### Logical maximum pay

I like creating simple algorithms to solve complex social issues. My 28th, 29th and 30th Amendments, FED tax schedule, college tuition, inequality tax and dividend maximums, among others, are examples.

One of the bizarre social numbers out there is CEO pay (or corporate executive pay). Generally, these numbers are incomprehensible.  Some examples (BI):

 Name Company Salary Steve Wynn Wynn Resorts \$28.2 million Leonard Schleifer Regeneron Pharmaceuticals \$28.3 million Ginni Rometty IBM \$32.3 million Jeff Bewkes Time Warner Inc. \$32.6 million Brian Roberts Comcast Corp. \$33 million Robert Kotick Activision Blizzard Inc. \$33.1 million David Zaslav Discovery Communications \$37.2 million Bob Iger Walt Disney Co. \$41 million Les Moonves CBS Corp \$68.6 million Tom Rutledge Charter Communications \$98 million

What is reasonable? Certainly not \$100 million a year! Some say that executive pay is necessarily high as it needs to attract the best (the best sociopaths…) who are willing to take the heat and dish out the sometimes oppressive company actions that keep a corporation healthy.

Yeah, right!

But as I asked, what is reasonable? What is a logical maximum salary? What simple algorithm could we create to deduce this? How about this. I’ll admit that someone might be:

• twice as smart as me
• twice as skilled as me
• twice as educated as me
• twice as experienced as me
• twice as industrious as me and
• twice as lucky as me.

(Twice being 100% better. “Me” being the average Joe.)

That’s 2 x 2 x 2 x 2 x 2 x 2 = 64 times “better” than me.

If the median household salary is \$59k (US Census Bureau 2016) then:
64 x \$59k = \$3,776,000

That is the maximum logical pay anyone could possibly be paid based on the reasonable comparison of people’s abilities. \$3.7M is a pretty hefty paycheck in my book. Plenty, I’m sure, on which to live a lavish life.

But there are 482 CEO’s of the S&P 500 paid more than this number.
(cite: https://aflcio.org/paywatch/highest-paid-ceos)

The highest, Sundar Pichai of Google fame, gets \$100M. That means that he’s effectively 1694 times “better” than me.

Boy, that sure is one-hell-of-a-lot better! I’m sure he’s worth it.

## 7 thoughts on “Logical maximum pay”

1. PDF of original research article: https://arxiv.org/pdf/1802.07068

[quote of TechnologyReview article:]

The distribution of wealth follows a well-known pattern sometimes called an 80:20 rule: 80 percent of the wealth is owned by 20 percent of the people. Indeed, a report last year concluded that just eight men had a total wealth equivalent to that of the world’s poorest 3.8 billion people.

This seems to occur in all societies at all scales. It is a well-studied pattern called a power law that crops up in a wide range of social phenomena. But the distribution of wealth is among the most controversial because of the issues it raises about fairness and merit. Why should so few people have so much wealth?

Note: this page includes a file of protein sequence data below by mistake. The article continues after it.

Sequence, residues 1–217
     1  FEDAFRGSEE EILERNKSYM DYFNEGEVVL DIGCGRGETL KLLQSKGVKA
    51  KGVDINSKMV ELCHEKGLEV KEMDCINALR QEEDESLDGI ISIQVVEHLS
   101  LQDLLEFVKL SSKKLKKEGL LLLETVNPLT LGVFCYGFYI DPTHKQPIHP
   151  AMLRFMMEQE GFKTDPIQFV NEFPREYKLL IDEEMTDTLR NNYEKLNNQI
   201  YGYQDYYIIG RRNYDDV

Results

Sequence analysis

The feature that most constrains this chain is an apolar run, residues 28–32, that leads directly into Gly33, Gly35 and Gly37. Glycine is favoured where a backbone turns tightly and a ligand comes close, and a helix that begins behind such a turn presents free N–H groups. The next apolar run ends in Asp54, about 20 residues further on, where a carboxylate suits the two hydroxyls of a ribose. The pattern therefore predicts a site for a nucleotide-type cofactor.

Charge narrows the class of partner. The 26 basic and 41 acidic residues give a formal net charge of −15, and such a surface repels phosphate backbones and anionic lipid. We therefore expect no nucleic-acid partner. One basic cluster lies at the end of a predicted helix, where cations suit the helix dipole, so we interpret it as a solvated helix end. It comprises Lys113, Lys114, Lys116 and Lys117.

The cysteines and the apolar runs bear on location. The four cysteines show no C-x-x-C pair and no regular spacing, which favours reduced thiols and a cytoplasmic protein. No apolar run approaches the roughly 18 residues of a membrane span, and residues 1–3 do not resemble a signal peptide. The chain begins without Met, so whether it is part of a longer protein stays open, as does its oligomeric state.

The conventional answer is that we live in a meritocracy in which people are rewarded for their talent, intelligence, effort, and so on. Over time, many people think, this translates into the wealth distribution that we observe, although a healthy dose of luck can play a role.

But there is a problem with this idea: while wealth distribution follows a power law, the distribution of human skills generally follows a normal distribution that is symmetric about an average value. For example, intelligence, as measured by IQ tests, follows this pattern. Average IQ is 100, but nobody has an IQ of 1,000 or 10,000.

The same is true of effort, as measured by hours worked. Some people work more hours than average and some work less, but nobody works a billion times more hours than anybody else.

And yet when it comes to the rewards for this work, some people do have billions of times more wealth than other people. What’s more, numerous studies have shown that the wealthiest people are generally not the most talented by other measures.

What factors, then, determine how individuals become wealthy? Could it be that chance plays a bigger role than anybody expected? And how can these factors, whatever they are, be exploited to make the world a better and fairer place?

We finally get an answer thanks to the work of Alessandro Pluchino at the University of Catania in Italy and a couple of colleagues. These guys have created a computer model of human talent and the way people use it to exploit opportunities in life. The model allows the team to study the role of chance in this process.

The results are something of an eye-opener. Their simulations accurately reproduce the wealth distribution in the real world. But the wealthiest individuals are not the most talented (although they must have a certain level of talent). They are the luckiest. And this has significant implications for the way societies can optimize the returns they get for investments in everything from business to science.

Pluchino and co’s model is straightforward. It consists of N people, each with a certain level of talent (skill, intelligence, ability, and so on). This talent is distributed normally around some average level, with some standard deviation. So some people are more talented than average and some are less so, but nobody is orders of magnitude more talented than anybody else.